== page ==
If you recall, last Monday I promised myself I wouldn’t touch my manuscript for a week. I made it six and a half days. It was a long six and a half days. I thought a lot about my book. I felt lost without it. I was anxious.
Then, I read a blog discussion at Edittorrent about introductory present participial phrases being the mark of an amateur writer. I didn’t even have to look. I was horrified, embarrassed, and knew I wouldn’t make it until this morning. I was guilty of the use of PPP’s and couldn’t wait to banish them from my manuscript.
Last night, I began the first stage run-through. I found two commas in bizarre places, a fragment of a sentence (an artifact from a previous edit) but, so far, only a couple PPP’s. Not nearly as many as I had imagined. Still …
So, today I continue on this pass, correcting any grammar and syntax errors, which distract me from simply reading. While writing this novel, I’ve kept a list of “things to check.” Some of these are general, such as keeping each of my characters’ speaking patterns and word choices consistent, but specific to my story is Jalal’s limited use of contractions, so I have to watch for that.
Because I’ve written this novel in close third point of view, I also have this note to myself: “Limit the use of saw, heard, and thought to keep deep in viewpoint. Also check for words like felt, thought, wondered, realized… they are usually distancing.”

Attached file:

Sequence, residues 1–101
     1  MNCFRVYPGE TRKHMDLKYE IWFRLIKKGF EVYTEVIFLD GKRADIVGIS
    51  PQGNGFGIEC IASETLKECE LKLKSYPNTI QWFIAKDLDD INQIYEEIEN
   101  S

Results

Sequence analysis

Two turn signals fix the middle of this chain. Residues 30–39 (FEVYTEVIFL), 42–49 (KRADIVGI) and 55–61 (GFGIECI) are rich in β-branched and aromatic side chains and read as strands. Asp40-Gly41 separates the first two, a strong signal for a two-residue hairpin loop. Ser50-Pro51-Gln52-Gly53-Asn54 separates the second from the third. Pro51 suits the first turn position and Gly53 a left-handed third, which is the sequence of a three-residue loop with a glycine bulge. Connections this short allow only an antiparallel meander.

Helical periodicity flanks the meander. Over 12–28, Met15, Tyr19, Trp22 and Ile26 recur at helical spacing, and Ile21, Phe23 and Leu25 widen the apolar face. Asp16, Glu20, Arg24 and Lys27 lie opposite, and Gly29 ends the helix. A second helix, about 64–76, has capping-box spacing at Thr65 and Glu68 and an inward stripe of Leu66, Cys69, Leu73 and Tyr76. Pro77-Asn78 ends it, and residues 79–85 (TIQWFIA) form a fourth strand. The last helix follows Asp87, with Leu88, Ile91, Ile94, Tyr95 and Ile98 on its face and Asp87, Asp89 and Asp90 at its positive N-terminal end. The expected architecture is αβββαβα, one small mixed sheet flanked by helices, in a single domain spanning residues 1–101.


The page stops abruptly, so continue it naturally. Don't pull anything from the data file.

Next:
I have many more things to keep in mind as I edit, but when I’m done with this run-through, I will print it out again and put my first layer of polish on. I will search for perfect words to replace almost-but-not-quite words. I will look for places to add details to make this manuscript sing. And then … I will seek feedback from beta readers and start once more, from the top.
19 thoughts on “Once more, from the top …”
I think I’m ok on the PPP’s, but limiting distancing phrases had fallen to the bottom of my list of “notes to self” – thanks for the reminder.
Glad to hear you made it six and a half days. 😉
I’m happy to say, so far, I don’t have as many PPPs as I “remembered” I did, so that’s good. Still, so many things to check for. I wish there was a “find and replace” magic pen.
Oh good grief. Stop it Linda! You’re scaring me with all of these rules you’re finding. I think perhaps poetry is the safest venue for me. Unless there is a laundry list of poetic no-no’s out there too. Is there? No-wait–don’t tell me. I don’t want to know.
I am no expert, no editor, but I am a reader. I don’t notice these things when I am engrossed in a good book with a fascinating plot or subject matter. Is there ever a point when good technical writing comes at the expense of losing your voice and style?
Oh, absolutely there’s that point. I’ve opened many books that were grammatically perfect, the story idea was interesting, but the voice so boring I couldn’t read it. I’ll try to avoid going that far. 🙂
And yes, stay away from poetry rule books, or we won’t see another beautiful work from you for ages.
Yes. Rules can be frustrating when editing. I am not there quite yet, but last I was, I had a giant board with all the rules and regulations thumb tacked on. I am hoping that by now most of it is second nature.
Hey, you should check out the AutoCrit Editing Wizard. It finds those PPPs and a whole bunch of ‘amateur’/’first draft’ writing problems.
It really helps me sharpen my writing.
Thanks for the tip, I’ll check it out.